Stretch your hamstrings, strengthen your core, and more with Heron Pose…
Heron Pose (Krounchasana) is an intermediate-level yoga pose that provides a great stretch for the hamstrings, while also increasing flexibility throughout all the other major muscle groups in the legs, from calves to quads. It also helps to open up the hips, build core and back strength, and maintain full range of motion in the knee joints. This is a great pose for runners, cyclers, and athletes to help maintain performance and mobility.
Be sure to warm up your hamstrings before performing this pose, as it can provide quite an intense stretch. If you have tight hamstrings, this may be a challenging pose at first; however, there are a number of ways to modify the pose if you’re not quite ready for the full pose yet. Be careful to keep your spine tall and straight and your shoulders down and back throughout the pose to avoid hunching or rounding your back, which can put strain on the lower back muscles. If you feel that you cannot maintain the pose while maintaining a straight spine, hold onto your ankle or calf instead of your foot, or place a strap around the ball of your foot and hold one end of the strap in each hand. You can also bend the knee of your raised leg slightly if needed.
Remember to listen to your body, and stop or adjust as needed if you feel any pain.
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How to Do Heron Pose:
- Begin seated in Staff Pose (Dandasana) with both legs extended in front of you and the spine nice and straight. If you usually sit up on a blanket in staff pose to help elongate the spine, you can use a blanket for the same purpose throughout this pose.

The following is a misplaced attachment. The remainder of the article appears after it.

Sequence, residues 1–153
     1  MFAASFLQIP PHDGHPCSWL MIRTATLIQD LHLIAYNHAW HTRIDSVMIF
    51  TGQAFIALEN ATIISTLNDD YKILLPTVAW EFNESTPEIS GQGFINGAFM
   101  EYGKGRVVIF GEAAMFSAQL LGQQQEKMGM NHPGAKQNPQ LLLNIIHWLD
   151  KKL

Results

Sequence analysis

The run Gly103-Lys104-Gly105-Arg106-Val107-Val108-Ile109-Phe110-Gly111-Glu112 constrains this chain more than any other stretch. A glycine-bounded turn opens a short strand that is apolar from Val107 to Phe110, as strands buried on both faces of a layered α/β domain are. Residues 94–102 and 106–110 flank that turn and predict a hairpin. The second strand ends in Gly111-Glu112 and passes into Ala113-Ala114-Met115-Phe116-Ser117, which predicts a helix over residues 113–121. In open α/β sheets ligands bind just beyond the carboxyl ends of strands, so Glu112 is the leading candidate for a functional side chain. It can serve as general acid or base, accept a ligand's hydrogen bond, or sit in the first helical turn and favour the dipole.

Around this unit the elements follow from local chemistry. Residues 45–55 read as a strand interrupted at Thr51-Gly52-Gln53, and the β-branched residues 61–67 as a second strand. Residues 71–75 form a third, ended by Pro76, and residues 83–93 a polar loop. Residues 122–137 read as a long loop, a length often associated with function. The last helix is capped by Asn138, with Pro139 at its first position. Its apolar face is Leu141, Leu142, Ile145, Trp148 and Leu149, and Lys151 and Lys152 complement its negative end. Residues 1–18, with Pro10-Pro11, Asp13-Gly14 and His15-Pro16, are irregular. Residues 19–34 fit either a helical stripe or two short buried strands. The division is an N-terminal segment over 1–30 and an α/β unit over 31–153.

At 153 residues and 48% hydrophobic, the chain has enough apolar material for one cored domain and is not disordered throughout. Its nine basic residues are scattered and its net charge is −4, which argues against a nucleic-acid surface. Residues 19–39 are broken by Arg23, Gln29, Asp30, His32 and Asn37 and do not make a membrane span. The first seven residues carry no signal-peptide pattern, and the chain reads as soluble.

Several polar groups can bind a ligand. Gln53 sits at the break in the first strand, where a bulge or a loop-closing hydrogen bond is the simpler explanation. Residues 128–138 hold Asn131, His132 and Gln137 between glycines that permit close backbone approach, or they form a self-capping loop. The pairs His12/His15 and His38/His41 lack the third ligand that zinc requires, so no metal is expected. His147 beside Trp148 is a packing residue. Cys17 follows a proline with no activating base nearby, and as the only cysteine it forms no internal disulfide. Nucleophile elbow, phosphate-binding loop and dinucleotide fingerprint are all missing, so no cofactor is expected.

- Fold your left leg back into a Half Hero Pose (Ardha Virasana) position. Your left foot should be outside your left hip, not under it. Take care to keep the left foot pointing straight back and the left knee hugging toward the midline. If Virasana is painful for your knees or doesn’t work for you for some other reason, just keep your left leg forward instead, bending the left knee in a one-legged Sukasana with your heel pulled in to your groin.
- Bend your right knee and bring your right foot to the floor close to your right sit bone.
- Hold your right foot with both your hands and lift it off the floor.
- Lean your torso back slightly and anchor your shoulder blades onto your back and your arms into their shoulder sockets.
- Slowly straighten your right leg as much as you can. Keep your spine long and your shoulders down. Don’t hunch forward in an attempt straighten your leg more. Your extended leg and your torso should make a narrow V shape.
- Hold for about five breaths and then release and set up for the other side.
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